Takayasu arteritis (TAK) is a disease associated with increased risk of cardiovascular complications. We aimed to evaluate the incidence, prevalence and risk of stroke in patients with TAK.
Data from 1065 patients were obtained from a national database (2010–2018). The annual incidence and prevalence per 100 000 persons were estimated using the registration population in the midst of every year, and the standardised incidence ratio (SIR) of stroke was compared with the general population based on the data from the 2006 national report for cardiovascular and cerebrovascular diseases. Age-adjusted incidence rate ratio (IRR) of stroke based on the time interval after diagnosis was also calculated. A time-dependent Cox regression was conducted to investigate predictive factors of stroke.
The overall incidence rate of TAK ranged between 0.2 and 0.3/100 000 person-years annually; the prevalence of TAK gradually increased, reaching 3.25/100 000 person-years in 2018. Seventy-three (6.9%) patients experienced stroke during follow-up, and the risk of developing stroke was higher than the general population (overall SIR 7.39, 95% CI 5.79 to 9.29; men: SIR 5.70, 95% CI 2.84 to 10.20; women: SIR 7.06, 95% CI 5.41 to 9.05). Most stroke events (90.9%) were cerebral infarction for men, whereas the proportion of cerebral infarction was lower (62.9%) in women. Over half of stroke events occurred within 6 months after diagnosis, and stroke was more common within 6 months of diagnosis compared with after 3 years in women (IRR 13.46, 95% CI 6.86 to 26.40). In Cox regression analysis, age was the sole predictor of stroke (adjusted HR 1.02, 95% CI 1.00 to 1.04, p=0.043).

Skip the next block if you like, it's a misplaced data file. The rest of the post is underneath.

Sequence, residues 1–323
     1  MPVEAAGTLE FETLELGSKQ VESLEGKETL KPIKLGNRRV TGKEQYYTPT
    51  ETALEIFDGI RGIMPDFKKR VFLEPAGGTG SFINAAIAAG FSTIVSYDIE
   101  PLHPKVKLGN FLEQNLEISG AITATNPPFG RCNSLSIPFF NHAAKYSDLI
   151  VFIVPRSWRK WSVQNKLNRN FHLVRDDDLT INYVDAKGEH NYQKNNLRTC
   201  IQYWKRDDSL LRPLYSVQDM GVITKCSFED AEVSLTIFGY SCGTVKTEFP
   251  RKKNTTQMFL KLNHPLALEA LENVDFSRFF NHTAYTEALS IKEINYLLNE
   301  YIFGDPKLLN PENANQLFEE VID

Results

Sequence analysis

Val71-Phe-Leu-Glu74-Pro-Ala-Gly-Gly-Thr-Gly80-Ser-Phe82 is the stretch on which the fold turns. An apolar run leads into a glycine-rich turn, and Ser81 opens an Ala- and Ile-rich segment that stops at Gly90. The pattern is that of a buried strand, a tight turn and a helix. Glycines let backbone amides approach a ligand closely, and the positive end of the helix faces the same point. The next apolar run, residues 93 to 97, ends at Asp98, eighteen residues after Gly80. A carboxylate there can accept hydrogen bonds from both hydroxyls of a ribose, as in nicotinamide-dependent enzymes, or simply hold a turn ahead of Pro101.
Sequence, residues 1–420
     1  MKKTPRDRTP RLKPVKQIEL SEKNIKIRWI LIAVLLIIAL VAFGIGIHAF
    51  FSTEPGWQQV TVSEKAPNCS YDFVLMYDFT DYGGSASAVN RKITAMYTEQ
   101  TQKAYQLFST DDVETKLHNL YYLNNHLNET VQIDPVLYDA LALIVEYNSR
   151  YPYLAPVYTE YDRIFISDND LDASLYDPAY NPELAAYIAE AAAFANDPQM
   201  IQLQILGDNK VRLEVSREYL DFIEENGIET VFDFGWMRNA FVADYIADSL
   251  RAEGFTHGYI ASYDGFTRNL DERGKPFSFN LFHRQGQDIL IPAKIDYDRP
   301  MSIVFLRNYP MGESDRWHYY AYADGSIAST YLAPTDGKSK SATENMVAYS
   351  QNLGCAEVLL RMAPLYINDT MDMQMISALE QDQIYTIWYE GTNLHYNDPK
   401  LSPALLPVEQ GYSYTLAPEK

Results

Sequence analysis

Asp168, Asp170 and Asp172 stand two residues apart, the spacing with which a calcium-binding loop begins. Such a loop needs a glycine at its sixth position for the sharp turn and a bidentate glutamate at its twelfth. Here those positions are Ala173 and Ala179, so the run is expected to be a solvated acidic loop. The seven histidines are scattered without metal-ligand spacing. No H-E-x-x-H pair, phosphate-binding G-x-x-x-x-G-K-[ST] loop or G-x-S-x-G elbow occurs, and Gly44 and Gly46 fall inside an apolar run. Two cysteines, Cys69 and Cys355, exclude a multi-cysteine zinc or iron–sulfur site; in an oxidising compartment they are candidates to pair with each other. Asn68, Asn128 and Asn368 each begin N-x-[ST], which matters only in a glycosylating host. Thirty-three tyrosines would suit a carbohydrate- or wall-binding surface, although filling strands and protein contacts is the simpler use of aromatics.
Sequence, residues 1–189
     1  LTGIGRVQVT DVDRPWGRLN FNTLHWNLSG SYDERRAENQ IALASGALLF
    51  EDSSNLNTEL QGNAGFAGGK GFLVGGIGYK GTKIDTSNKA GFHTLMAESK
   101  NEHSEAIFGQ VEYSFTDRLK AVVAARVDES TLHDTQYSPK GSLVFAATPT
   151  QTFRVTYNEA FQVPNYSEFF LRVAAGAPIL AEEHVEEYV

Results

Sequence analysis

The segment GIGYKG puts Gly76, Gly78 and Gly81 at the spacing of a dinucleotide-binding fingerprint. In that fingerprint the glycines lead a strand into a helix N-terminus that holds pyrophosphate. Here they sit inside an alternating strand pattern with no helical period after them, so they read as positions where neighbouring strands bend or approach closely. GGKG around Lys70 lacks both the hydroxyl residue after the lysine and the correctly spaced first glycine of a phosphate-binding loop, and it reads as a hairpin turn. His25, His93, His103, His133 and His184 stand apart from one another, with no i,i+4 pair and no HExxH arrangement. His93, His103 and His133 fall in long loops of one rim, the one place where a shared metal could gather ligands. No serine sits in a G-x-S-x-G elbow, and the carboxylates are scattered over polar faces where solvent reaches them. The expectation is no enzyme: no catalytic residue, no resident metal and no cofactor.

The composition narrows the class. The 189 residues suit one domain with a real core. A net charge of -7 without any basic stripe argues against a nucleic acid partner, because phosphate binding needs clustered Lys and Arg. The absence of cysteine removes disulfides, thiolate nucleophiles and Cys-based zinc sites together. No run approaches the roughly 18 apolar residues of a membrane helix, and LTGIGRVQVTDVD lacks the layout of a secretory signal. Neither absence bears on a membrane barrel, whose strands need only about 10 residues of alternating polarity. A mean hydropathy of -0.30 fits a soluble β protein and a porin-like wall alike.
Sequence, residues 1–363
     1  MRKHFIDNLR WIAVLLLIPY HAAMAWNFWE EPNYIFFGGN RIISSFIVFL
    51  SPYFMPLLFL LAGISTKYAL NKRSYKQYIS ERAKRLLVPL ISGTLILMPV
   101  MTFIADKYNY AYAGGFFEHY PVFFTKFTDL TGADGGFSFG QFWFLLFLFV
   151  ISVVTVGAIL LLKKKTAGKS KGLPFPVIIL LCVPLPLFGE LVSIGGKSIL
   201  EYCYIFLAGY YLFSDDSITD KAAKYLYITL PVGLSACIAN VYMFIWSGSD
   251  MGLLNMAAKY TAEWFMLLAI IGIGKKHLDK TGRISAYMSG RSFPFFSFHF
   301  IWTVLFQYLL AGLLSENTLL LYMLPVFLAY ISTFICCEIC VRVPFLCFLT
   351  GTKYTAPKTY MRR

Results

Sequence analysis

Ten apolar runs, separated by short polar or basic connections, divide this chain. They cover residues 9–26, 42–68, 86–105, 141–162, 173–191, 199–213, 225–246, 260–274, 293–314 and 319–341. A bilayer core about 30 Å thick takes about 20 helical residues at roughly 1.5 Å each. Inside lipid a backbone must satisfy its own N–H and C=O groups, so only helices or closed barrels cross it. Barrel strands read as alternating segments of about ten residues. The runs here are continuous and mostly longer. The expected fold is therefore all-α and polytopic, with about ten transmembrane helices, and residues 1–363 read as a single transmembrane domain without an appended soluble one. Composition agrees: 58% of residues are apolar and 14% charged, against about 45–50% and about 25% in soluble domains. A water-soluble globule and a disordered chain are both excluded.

The annual incidence of TAK was similar to the previous studies from Asia, and the risk of stroke increased in TAK. Different patterns of subtype and incidence of stroke were found according to sex, although age was the only predictor.